Western Cape passes peak of COVID-19 fourth wave

Provincial Health Department bosses gave an overview of their management of the pandemic, saying that health facilities were coping and most COVID-19 cases picked up at hospitals were incidental.

FILE: Two patients with COVID-19, one (L) breathing in oxygen, in the COVID-19 ward at Khayelitsha Hospital, about 35km from the centre of Cape Town, on 29 December 2020. Picture: RODGER BOSCH/AFP

CAPE TOWN - The Western Cape has now passed the peak of the COVID-19 pandemic’s fourth wave.

Provincial Health Department bosses gave an overview of their management of the pandemic, saying that health facilities were coping and most COVID-19 cases picked up at hospitals were incidental.

Health officials said that although the number of coronavirus cases were declining, active infections still remained high, being driven by the Omicron variant.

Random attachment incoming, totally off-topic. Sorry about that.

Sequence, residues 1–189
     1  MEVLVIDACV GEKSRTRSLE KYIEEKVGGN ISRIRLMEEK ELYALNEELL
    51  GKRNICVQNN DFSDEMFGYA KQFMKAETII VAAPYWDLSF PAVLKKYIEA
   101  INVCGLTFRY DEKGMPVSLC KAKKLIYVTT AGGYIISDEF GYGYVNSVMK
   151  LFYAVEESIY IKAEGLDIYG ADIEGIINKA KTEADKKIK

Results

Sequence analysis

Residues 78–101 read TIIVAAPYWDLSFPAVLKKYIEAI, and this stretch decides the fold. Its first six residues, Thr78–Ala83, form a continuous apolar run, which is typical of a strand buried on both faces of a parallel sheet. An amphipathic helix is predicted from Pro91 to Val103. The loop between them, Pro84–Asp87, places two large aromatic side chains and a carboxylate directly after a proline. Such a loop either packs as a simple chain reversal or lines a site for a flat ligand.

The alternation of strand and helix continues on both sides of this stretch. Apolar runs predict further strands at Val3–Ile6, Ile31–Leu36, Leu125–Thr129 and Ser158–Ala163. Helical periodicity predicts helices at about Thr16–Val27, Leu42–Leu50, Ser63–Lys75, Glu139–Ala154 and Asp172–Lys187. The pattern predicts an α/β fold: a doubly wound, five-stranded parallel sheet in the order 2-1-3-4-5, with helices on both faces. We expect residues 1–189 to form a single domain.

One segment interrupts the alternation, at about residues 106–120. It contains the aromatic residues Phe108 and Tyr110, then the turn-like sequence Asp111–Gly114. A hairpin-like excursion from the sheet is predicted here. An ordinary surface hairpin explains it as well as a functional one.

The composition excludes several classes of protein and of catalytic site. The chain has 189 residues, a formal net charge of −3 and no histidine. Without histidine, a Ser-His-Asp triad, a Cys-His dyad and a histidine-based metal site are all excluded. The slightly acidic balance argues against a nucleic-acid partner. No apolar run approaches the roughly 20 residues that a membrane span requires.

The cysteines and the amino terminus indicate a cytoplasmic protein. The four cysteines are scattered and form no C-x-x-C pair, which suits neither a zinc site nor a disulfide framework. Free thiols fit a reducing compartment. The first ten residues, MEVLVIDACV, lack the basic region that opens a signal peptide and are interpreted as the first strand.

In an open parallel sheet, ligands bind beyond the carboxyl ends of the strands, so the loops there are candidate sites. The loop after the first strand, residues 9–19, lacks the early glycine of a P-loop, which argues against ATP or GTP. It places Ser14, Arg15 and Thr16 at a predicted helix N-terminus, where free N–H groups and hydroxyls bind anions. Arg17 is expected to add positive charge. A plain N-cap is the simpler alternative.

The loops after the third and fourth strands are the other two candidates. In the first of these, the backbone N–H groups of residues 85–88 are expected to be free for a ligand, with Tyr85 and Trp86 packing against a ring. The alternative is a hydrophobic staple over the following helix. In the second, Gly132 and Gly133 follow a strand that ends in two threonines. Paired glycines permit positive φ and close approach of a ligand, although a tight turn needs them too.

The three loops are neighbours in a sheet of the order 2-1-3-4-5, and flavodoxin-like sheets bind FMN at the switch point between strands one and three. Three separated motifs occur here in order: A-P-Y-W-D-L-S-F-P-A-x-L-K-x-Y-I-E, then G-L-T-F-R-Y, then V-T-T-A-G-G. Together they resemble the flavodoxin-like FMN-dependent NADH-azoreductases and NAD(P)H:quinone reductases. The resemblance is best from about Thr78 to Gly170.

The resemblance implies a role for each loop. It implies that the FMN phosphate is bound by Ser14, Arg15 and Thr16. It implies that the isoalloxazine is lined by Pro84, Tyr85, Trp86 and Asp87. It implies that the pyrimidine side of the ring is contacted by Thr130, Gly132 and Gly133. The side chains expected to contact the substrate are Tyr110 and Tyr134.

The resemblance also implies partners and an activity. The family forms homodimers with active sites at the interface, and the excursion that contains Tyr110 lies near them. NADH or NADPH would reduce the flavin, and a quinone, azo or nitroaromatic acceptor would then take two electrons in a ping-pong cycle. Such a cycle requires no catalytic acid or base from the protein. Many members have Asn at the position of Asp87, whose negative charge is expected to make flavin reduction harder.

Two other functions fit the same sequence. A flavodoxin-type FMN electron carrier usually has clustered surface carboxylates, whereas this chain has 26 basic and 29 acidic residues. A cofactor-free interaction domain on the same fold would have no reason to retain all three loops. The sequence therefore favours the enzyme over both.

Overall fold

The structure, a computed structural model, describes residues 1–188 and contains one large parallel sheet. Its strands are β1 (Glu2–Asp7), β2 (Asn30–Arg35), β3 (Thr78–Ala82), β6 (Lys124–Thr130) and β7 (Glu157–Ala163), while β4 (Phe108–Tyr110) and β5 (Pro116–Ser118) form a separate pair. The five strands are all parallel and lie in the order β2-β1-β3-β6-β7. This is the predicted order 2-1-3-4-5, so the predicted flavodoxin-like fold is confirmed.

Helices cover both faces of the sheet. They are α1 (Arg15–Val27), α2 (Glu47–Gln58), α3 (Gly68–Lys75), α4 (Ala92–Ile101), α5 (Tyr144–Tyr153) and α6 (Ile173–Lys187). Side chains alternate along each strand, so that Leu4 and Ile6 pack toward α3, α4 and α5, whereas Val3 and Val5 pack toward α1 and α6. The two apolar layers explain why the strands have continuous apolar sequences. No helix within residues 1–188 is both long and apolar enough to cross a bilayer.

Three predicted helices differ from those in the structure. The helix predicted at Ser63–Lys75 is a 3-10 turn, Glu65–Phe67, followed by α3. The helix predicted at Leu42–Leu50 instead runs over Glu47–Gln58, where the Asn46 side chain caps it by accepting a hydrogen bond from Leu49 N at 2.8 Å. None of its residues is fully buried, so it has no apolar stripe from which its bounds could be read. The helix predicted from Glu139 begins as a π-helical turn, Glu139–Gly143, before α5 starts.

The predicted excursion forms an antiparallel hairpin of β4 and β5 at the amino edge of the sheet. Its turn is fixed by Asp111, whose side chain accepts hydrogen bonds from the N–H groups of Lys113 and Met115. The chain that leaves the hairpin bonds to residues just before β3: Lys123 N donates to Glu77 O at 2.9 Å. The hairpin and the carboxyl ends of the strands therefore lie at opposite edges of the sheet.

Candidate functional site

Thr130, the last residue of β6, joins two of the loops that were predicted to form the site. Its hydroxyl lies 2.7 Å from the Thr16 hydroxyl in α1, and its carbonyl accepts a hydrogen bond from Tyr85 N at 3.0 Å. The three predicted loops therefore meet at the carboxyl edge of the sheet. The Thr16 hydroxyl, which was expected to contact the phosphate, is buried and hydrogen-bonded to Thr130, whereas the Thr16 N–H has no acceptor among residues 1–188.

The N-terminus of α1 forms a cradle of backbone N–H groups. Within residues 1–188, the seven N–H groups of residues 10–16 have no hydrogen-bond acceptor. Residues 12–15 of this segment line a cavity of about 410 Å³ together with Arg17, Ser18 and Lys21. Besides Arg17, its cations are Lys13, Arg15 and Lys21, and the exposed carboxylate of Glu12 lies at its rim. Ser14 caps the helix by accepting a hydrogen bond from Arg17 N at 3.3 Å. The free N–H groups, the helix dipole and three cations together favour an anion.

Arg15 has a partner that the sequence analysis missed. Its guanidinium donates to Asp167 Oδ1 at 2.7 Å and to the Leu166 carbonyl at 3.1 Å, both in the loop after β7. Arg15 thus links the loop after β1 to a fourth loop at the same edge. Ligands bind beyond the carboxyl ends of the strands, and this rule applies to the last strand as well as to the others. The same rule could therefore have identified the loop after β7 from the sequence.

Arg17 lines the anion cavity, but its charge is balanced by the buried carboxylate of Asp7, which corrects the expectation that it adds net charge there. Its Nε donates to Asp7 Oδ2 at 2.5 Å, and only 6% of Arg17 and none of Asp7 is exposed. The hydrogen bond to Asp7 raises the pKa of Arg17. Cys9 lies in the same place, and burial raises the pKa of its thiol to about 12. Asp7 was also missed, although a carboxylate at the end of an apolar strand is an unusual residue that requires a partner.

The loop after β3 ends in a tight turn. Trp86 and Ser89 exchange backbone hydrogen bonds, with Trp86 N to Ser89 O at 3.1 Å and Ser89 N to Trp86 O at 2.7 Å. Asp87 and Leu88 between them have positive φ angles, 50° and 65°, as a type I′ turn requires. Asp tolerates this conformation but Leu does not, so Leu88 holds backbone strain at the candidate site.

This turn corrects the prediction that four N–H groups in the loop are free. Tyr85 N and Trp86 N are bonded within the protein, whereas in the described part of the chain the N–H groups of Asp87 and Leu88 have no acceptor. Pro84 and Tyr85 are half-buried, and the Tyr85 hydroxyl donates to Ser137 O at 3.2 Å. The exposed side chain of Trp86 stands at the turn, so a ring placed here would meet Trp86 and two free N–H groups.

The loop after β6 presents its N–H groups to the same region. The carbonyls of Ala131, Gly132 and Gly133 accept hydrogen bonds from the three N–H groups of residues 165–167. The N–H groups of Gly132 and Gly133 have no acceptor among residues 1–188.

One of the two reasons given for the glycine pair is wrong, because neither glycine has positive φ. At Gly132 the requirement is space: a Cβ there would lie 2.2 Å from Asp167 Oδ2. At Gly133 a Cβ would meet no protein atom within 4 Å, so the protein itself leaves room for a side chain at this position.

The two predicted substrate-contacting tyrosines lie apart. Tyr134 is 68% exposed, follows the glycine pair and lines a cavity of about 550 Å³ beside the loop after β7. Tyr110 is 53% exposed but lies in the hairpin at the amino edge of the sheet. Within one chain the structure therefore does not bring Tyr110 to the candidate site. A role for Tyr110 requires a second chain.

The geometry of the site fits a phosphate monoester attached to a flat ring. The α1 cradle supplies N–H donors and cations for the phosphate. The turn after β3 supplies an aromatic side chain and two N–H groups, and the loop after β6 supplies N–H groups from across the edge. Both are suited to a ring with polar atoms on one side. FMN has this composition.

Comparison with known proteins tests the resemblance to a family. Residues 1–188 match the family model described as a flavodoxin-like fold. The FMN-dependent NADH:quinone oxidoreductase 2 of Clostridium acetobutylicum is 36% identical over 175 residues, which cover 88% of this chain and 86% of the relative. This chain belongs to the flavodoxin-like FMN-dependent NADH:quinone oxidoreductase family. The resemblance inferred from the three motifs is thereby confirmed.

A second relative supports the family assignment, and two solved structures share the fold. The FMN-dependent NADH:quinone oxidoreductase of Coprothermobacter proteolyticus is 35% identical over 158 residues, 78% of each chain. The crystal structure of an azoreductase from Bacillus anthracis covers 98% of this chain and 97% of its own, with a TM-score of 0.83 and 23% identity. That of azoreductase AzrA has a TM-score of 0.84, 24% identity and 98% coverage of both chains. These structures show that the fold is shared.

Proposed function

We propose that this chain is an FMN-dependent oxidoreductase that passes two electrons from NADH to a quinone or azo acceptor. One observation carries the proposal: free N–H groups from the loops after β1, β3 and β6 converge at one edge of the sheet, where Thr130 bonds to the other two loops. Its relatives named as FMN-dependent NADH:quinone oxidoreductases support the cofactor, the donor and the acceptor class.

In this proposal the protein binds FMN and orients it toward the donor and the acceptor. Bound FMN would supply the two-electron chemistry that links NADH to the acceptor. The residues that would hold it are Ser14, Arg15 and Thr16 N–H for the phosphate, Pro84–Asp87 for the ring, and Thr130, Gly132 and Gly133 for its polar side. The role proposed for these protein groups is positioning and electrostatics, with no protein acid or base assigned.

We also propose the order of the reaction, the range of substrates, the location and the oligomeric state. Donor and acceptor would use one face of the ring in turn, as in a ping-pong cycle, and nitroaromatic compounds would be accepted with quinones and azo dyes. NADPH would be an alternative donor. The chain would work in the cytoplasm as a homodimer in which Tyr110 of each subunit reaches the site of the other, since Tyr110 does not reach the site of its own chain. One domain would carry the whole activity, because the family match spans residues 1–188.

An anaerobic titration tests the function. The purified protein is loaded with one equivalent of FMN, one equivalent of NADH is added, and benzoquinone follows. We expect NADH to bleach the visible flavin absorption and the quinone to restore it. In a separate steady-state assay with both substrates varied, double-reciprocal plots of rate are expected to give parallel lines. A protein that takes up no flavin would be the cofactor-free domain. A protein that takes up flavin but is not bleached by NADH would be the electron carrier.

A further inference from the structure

Health Department Head, Doctor Keith Cloete, said that there had, however, been a 46% drop in coronavirus cases from 25 December until the beginning of the year.

"Most places in the metro, theres' been a decline in virtually in all sub-districts. In the rural, there's been a big decline in Winelands - there others are still plateauing, so it's a little bit behind the metro," Cloete said.

Cloete said that on average, 230 COVID-19 cases were being admitted to hospital, compared to around 362 hospital admissions during the pandemic’s third wave.

"Even with the 29 deaths per day now over the last couple of days, it is significantly lower and what we had in the third wave which was 123 per day and the second wave, which was 146 deaths per day," he said.

Health officials have reiterated the importance of coronavirus vaccination, saying that around 47% of the Western Cape’s adult population had been fully vaccinated.